"My goal is to make north of $US100 million so I am paying back everyone this year.": Jordan Belfort. Photo: Louise Kennerley
Jordan Belfort, whose memoir The Wolf of Wall Street was turned into a film by Martin Scorsese, expects to earn more this year than he made at his peak as a stockbroker, allowing him to repay the victims of his fraud.
"I'll make this year more than I ever made in my best year as a broker," Belfort told a conference in Dubai today. "My goal is to make north of $US100 million ($107.2 million) so I am paying back everyone this year."
Belfort, a motivational speaker, will use his earnings from a 45-city speaking tour in the US to repay about $US50 million to investors. That was his share of the fine, he said.
Jordan Belfort, as played by Leonardo DiCaprio in "The Wolf of Wall Street".
US stockbroker Belfort spent 22 months in jail for money laundering and securities fraud in the 1990s after his Long Island-based Stratton Oakmont Inc. defrauded investors out of more than $US200 million. That story was retold last year in a blockbuster film starring Leonardo DiCaprio.
"After six months of putting all the profit from the US tour into an escrow account, it will go directly back to investors," Belfort said. "Once everyone is paid back, believe me I will feel a lot better."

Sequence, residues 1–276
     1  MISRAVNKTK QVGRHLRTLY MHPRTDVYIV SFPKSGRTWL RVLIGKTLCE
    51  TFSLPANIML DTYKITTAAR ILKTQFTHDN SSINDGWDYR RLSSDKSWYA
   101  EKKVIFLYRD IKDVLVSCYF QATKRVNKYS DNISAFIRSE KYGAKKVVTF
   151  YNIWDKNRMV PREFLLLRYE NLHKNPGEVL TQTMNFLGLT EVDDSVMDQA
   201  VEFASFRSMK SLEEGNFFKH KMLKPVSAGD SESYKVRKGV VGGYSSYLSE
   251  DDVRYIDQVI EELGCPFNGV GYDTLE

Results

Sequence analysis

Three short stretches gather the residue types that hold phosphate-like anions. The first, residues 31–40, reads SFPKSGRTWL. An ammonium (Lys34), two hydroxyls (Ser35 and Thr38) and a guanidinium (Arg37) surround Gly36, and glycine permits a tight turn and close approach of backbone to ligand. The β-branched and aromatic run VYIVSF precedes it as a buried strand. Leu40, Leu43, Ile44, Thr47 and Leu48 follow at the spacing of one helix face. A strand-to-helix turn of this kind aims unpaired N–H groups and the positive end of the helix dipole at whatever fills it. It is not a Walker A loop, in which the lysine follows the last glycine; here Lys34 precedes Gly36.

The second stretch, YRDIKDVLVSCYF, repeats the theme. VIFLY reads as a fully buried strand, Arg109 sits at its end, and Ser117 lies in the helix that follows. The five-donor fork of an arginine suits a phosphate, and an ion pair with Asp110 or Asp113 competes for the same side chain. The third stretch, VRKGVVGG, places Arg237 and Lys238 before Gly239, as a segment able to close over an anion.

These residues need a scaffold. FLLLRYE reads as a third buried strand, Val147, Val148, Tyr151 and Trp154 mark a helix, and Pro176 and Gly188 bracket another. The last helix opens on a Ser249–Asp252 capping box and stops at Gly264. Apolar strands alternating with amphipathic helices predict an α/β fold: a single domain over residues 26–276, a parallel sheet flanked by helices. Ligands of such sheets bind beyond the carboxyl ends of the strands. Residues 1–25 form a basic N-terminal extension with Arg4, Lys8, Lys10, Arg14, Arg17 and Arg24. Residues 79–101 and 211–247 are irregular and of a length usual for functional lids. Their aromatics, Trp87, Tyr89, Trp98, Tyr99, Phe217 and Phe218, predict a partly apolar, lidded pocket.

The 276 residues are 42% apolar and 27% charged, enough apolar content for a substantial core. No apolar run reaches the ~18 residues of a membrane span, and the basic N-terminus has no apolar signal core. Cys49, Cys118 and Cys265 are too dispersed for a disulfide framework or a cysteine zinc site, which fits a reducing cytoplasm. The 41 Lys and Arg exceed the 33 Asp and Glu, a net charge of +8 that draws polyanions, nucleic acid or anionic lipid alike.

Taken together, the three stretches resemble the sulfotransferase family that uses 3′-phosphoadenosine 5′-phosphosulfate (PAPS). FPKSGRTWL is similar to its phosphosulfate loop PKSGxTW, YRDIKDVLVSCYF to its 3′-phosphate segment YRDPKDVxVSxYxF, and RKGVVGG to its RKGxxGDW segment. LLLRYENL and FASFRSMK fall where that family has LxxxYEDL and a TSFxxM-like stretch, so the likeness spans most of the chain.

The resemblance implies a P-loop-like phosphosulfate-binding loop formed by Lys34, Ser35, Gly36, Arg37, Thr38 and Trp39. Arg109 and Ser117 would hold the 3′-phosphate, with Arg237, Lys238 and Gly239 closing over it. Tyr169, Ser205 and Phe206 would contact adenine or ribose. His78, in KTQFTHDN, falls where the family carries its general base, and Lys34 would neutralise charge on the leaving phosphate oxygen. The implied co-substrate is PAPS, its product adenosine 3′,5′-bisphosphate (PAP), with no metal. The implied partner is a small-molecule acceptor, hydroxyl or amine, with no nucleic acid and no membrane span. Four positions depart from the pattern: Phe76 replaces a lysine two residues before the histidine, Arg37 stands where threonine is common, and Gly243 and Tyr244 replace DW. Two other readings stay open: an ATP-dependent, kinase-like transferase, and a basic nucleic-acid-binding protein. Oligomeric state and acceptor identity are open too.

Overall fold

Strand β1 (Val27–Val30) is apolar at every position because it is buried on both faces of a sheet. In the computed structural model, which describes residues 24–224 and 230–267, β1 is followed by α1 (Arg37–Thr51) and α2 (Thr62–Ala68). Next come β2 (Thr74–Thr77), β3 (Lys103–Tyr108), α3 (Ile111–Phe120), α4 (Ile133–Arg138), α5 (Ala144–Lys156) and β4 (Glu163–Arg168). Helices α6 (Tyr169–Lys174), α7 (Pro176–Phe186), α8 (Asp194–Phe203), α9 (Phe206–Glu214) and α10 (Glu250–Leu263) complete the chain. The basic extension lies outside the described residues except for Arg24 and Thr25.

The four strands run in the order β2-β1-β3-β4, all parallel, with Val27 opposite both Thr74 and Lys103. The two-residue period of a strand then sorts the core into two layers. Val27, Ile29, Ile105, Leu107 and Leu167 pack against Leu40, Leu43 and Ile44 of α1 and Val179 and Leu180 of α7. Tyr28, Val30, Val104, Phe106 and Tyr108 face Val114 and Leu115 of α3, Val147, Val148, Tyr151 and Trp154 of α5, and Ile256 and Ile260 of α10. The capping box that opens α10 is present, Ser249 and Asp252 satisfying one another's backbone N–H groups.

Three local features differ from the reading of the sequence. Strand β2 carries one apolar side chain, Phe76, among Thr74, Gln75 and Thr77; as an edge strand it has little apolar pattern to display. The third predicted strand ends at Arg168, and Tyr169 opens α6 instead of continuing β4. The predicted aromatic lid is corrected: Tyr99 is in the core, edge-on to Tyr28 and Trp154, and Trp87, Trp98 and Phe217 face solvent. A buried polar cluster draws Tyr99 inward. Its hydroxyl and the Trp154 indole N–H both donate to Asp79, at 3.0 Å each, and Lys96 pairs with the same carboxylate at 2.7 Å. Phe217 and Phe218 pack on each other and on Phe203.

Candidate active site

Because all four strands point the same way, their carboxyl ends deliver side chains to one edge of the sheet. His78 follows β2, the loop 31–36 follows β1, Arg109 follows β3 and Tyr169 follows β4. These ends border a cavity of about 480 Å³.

The Securities and Exchange Commission shut down his firm in 1998, and in 2003 Belfort was convicted and sentenced to four years in jail. The government said a $US110.4 million victim-compensation fund must receive half his income.
"I got greedy," Belfort said. "Greed is not good. Ambition is good, passion is good. Passion prospers. My goal is to give more than I get, that's a sustainable form of success."
Belfort admits he fleeced investors, cheated on spouses, and was once so addicted to drugs that he kicked his second wife down the stairs in front of his daughter. Even after the fines, he maintains most of his trading activities were legal.
"Ninety-five per cent of the business was legitimate," he said. "It was all brokerage firm issues. It was all legitimate, nothing to do with liquidating stocks."
In Dubai, where Belfort spoke today, the $US100 million film that earned DiCaprio a Golden Globe award, was cut by a quarter for multiple scenes depicting drug use and sex. The f-word is used 569 times in the original version, more than any feature film ever made, according to the Internet Movie Database website.